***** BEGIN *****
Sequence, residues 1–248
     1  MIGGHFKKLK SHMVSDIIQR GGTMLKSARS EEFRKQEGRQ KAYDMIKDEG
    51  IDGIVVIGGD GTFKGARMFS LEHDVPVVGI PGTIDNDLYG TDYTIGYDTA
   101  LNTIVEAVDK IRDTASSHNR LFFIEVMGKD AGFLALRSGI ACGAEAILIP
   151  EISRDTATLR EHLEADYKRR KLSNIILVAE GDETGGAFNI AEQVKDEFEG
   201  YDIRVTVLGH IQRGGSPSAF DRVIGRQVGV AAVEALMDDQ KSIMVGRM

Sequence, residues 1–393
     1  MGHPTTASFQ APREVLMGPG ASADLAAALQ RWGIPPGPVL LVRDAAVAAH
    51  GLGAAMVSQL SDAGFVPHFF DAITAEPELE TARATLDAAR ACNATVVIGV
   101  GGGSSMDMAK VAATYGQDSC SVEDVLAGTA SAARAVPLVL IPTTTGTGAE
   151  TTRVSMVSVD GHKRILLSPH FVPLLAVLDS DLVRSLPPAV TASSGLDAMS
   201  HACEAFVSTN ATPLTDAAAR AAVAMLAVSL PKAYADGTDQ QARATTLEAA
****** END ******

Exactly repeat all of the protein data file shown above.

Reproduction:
Sequence, residues 1–248
     1  MIGGHFKKLK SHMVSDIIQR GGTMLKSARS EEFRKQEGRQ KAYDMIKDEG
    51  IDGIVVIGGD GTFKGARMFS LEHDVPVVGI PGTIDNDLYG TDYTIGYDTA
   101  LNTIVEAVDK IRDTASSHNR LFFIEVMGKD AGFLALRSGI ACGAEAILIP
   151  EISRDTATLR EHLEADYKRR KLSNIILVAE GDETGGAFNI AEQVKDEFEG
   201  YDIRVTVLGH IQRGGSPSAF DRVIGRQVGV AAVEALMDDQ KSIMVGRM

Sequence, residues 1–393
     1  MGHPTTASFQ APREVLMGPG ASADLAAALQ RWGIPPGPVL LVRDAAVAAH
    51  GLGAAMVSQL SDAGFVPHFF DAITAEPELE TARATLDAAR ACNATVVIGV
   101  GGGSSMDMAK VAATYGQDSC SVEDVLAGTA SAARAVPLVL IPTTTGTGAE
   151  TTRVSMVSVD GHKRILLSPH FVPLLAVLDS DLVRSLPPAV TASSGLDAMS
   201  HACEAFVSTN ATPLTDAAAR AAVAMLAVSL PKAYADGTDQ QARATTLEAA